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Fighting a culture of ignorance

 | May 24, 2017

Acquiring an academic degree doesn't necessarily make one an educated person.



A good author can open our minds to a new world or give us fresh insights into a world we thought we knew.

When Universiti Utara Malaysia lecturer Kamarul Zaman Yusuf read Hannah Yeoh’s autobiography, he was profoundly touched by it. We should therefore consider Yeoh one of Malaysia’s literary greats.

Apparently, however, the power of Yeoh’s words worked like a nightmare on Kamarul. When he woke up from it, he wrote a lengthy treatise on his Facebook page to discredit her. In a report he lodged at a police station, he accused her of promoting a Christian agenda.

Yeoh must indeed be a great writer if she can make Kamarul doubt his own beliefs. Either that, or his own faith is as wobbly as agar-agar jelly.

I went to a mission school, as did many Malays. Whilst my faith as a Muslim is intact, as is theirs, why do some Malays tremble at the sign of the cross or the sight of the Bible? Perhaps more Malays should be enrolled in mission schools because government schools appear to be churning out Muslims who fear their own shadows.

After my secondary mission schooling, I attended a boarding school in England, as did the sons of Malaysia’s second prime minister. Many Malay families still send their children to these schools. We were exposed to the normal daily routine of a Church of England school. Children of different faiths sat at the same dining table, but anyone with a religious dietary requirement or allergy was served an alternative dish.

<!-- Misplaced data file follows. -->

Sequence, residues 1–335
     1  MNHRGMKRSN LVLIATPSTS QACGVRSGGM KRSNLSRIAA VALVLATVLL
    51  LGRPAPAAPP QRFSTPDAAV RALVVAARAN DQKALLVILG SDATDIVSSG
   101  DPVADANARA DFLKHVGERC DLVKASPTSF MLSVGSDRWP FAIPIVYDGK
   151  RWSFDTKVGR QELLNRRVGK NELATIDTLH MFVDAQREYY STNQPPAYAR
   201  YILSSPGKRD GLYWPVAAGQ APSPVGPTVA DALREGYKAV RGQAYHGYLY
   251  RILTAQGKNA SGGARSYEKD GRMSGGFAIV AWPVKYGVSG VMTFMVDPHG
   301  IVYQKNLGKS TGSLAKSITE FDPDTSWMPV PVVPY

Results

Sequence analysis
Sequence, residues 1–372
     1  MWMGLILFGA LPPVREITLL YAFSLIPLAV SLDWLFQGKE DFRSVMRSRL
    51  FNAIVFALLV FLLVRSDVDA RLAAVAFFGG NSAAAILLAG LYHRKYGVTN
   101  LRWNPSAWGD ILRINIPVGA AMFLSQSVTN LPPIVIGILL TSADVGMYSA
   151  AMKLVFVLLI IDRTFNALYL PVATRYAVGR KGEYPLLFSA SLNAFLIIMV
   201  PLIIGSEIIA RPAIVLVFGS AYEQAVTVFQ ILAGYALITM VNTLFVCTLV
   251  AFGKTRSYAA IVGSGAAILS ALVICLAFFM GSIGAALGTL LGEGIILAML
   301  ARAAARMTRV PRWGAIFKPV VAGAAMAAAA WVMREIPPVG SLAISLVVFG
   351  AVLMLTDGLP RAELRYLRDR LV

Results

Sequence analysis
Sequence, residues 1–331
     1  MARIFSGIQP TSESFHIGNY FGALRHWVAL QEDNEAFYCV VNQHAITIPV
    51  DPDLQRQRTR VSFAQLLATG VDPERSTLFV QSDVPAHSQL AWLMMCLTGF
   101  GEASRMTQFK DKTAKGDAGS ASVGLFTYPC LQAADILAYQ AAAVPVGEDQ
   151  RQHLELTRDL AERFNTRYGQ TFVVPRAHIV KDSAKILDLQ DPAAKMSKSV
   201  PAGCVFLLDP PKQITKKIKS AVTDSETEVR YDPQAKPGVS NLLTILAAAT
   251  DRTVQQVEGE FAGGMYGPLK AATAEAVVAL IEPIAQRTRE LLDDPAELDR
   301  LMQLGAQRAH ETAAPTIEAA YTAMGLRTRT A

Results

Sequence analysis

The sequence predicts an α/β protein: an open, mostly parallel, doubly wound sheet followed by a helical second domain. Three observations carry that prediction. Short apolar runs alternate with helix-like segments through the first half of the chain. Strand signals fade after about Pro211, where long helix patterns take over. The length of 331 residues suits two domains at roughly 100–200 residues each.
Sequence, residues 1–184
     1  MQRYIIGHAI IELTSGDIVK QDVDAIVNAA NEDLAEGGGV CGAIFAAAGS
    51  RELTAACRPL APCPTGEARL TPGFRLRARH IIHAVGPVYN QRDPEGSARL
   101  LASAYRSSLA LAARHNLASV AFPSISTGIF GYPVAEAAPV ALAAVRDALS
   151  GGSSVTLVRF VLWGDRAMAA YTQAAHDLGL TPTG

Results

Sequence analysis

The House Mistress said grace and those of other faiths quietly gave their own blessings. We all said “Amen” together.

A Jew or a Muslim may sit beside the other girls eating roast pork and a Hindu may be given an alternative to beef. There were no ugly scenes, and we behaved as mature adults. None of us demanded blood transfusions if we were mistakenly given prohibited foods by mistake.

At morning assembly, the headmistress and head girl would read passages from the Bible and lead others in prayer. Hymns were sung and psalms read. The Lord’s Prayer was recited daily, and many Malays who shared my experience can still recite it.

Girls with a penchant for singing were encouraged to join the choir or school orchestra. With the approach of Christmas, in the Michaelmas term, several carol services were held.

Did these activities make me a Christian? No. Did they make me a bad Muslim? No.

That’s why it is difficult to believe that a lecturer who disagreed with the contents of a book but was unable to put it down felt compelled to drive Malaysians apart and behave stupidly.

It is not how many university degrees one receives, but what one does with the education one has received, that makes one a better person.

Mariam Mokhtar is an FMT columnist.

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